Original Air Date: February 24, 1961
Writer: Rod Serling
Director: Justus Addiss
“You’re riding on a jet airliner on route from London to New York. You’re at 35,000 feet atop an overcast and roughly fifty-five minutes from Idlewild Airport. But what you’ve seen occur inside the cockpit of this plane is no reflection on the aircraft or the crew. It’s a safe, well-engineered, perfectly designed machine. And the men you’ve just met are a trained, cool, highly efficient team. The problem is simply that the plane is going too fast, and there is nothing within the realm of knowledge or at least logic to explain it. Unbeknownst to passenger and crew, this airplane is heading into an uncharted region well off the beaten track of commercial travelers—it’s moving into The Twilight Zone. What you’re about to see we call “The Odyssey of Flight 33.”
During a routine commercial flight from London to New York City, Global Airlines Flight 33 is approaching its destination of Idlewild (now Kennedy) airport. Suddenly, several people on board, including Captain Farver (played by John Anderson who previously played the Angel Gabriel in “A Passage for Trumpet”), notice a drastic change in speed though it is not reflected on any of the controls in the cockpit. They witness a flash of light and severe turbulence. As they descend the crew spots Manhattan out of the clouds -but there are no buildings or people. Instead the 1st Officer sees a dinosaur feeding on tree leaves. Flight 33 has somehow traveled back in time.
Captain Farver decides their best bet to return to their own time is to ascend again. When they come out of the cloud again they are unable to connect with Idlewild Airport they instead connect with nearby LaGuardia Airport but there is confusion. The radio attendant has never heard of jets or radar. As the Captain peers out the window below he sees the New York World’s Fair which occurred in 1939. Flight 33 has traveled forward in time but not far enough. Now dangerously low on fuel, Captain Farver informs the passengers of the situation as Flight 33 ascends one more time. “All I ask of you is that you remain calm …and pray”.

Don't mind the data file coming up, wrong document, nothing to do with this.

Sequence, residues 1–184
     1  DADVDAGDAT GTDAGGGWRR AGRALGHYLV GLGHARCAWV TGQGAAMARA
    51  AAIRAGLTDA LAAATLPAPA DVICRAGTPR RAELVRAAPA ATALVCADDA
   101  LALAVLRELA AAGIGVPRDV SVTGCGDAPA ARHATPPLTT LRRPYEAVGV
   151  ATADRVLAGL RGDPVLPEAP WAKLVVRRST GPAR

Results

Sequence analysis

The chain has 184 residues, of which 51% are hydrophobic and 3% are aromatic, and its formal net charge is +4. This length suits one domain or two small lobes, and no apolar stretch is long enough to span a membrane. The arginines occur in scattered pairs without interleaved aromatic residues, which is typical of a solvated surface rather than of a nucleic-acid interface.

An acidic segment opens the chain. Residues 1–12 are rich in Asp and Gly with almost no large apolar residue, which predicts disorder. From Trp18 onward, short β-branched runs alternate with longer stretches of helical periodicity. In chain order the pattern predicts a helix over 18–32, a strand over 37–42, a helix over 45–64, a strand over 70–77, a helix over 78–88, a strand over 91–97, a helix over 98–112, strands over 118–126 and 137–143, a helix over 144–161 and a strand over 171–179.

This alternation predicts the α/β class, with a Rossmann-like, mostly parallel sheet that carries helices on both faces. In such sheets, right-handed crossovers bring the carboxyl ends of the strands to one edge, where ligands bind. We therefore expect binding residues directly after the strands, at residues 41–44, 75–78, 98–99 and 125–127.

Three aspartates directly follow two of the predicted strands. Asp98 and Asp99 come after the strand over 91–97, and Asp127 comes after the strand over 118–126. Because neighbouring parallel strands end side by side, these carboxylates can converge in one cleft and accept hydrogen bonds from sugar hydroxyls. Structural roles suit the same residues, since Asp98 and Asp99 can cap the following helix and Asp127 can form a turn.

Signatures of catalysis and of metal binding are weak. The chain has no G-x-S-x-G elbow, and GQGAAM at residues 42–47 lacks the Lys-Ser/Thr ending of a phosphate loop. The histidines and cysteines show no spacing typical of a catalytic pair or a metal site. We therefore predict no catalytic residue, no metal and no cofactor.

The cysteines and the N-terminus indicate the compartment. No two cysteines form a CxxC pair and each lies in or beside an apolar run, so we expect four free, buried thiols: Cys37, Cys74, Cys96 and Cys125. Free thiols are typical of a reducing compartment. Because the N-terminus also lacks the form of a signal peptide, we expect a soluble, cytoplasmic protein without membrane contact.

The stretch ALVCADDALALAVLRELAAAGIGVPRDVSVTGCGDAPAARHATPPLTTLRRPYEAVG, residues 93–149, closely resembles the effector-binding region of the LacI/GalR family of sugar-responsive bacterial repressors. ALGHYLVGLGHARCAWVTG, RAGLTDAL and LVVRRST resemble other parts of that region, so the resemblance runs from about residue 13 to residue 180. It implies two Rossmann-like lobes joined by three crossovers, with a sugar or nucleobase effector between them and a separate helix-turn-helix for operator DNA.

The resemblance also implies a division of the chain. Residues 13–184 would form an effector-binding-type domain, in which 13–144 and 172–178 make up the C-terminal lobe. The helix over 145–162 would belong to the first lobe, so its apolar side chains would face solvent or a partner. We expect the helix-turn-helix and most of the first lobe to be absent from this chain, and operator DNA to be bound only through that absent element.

“A Global jet airliner, en route from London to New York on an uneventful afternoon in the year 1961, but now reported overdue and missing, and by now, searched for on land, sea, and air by anguished human beings, fearful of what they’ll find. But you and I know where she is. You and I know what’s happened. So if some moment, any moment, you hear the sound of jet engines flying atop the overcast—engines that sound searching and lost—engines that sound desperate—shoot up a flare or do something. That would be Global 33 trying to get home—from The Twilight Zone.”
The Twilight Zone Trivia:
- Rod Serling originally developed the idea for this episode when he learned that American Airlines had a mockup of a 707 interior, previously used for flight attendant training. The studio said they would make the set available to TV or film production companies.
- Rod Serling’s brother, aviation writer Robert J. Serling, helped Serling with the cockpit dialogue for the show by discussing the show’s premise with a Trans World Airlines captain; after the show aired, several pilots later wrote to say that they thought the cockpit dialogue was among the most authentic ever in a television show (albeit the situation described was impossible).
- The Brontosaurus model and miniature jungle set from the 1960 film Dinosaurus! were used for the stop motion animation in this episode. The special effects were created by the genius of Wah Chang who also famously worked on Star Trek and Outer Limits.
- Producer Buck Houghton said the scene where the plane flies past the dinosaur was by far the most expensive scene ever shot during The Twilight Zone series ($2,500).
- Error: LaGuardia Airport, although it had opened in October 1939 (and thus was open during the second half of the 1939–40 World’s Fair held in New York), was not officially named after Mayor Fiorello H. La Guardia until 1947.
- Lead actor John Anderson was once recognized on a golf course by a pilot. The man said the episode really spoke to him. Sometimes while flying for hours at a time he said his minds played tricks on him and he thought back to The Twilight Zone episode about traveling back in time.
Click here to return to my survey of The Twilight Zone series.
Click here to read my reflections on Rod Serling’s short story “The Odyssey of Flight 33.”
With all the sci-fi stories from Doctor Who: Time Flight to Manifest that have somehow been about time-traveling airplanes, it’s nice to look back on the most basically dramatized story in this regard that only The Twilight Zone could tell so well.
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